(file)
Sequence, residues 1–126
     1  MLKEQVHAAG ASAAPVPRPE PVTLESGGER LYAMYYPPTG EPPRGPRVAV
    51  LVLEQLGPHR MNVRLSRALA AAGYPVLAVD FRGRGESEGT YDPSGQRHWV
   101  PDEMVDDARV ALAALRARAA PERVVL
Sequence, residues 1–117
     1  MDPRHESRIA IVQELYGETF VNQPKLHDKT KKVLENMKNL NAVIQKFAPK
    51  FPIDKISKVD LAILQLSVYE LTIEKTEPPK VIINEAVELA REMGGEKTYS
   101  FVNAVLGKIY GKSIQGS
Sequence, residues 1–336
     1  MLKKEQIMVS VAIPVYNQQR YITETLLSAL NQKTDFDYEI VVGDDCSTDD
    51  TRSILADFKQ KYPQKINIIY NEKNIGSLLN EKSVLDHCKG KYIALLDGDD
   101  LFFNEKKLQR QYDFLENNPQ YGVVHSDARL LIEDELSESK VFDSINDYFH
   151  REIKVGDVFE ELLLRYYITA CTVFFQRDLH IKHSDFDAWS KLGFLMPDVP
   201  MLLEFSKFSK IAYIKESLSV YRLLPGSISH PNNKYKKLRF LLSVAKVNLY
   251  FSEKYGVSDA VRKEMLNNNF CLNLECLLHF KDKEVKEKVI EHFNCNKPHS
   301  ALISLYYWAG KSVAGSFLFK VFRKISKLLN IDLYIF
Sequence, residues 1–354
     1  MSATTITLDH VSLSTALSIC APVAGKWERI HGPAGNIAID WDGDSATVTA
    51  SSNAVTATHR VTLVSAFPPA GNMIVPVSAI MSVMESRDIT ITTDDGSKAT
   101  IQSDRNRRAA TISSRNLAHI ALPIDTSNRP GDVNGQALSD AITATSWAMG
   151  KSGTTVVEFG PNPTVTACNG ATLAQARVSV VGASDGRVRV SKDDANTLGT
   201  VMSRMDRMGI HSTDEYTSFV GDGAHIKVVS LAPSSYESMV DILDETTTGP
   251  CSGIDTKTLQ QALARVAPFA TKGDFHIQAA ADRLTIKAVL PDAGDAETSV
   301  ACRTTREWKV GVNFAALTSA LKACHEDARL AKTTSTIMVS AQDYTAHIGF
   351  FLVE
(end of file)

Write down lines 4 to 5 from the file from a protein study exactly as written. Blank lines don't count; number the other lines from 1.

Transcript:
   101  PDEMVDDARV ALAALRARAA PERVVL
Sequence, residues 1–117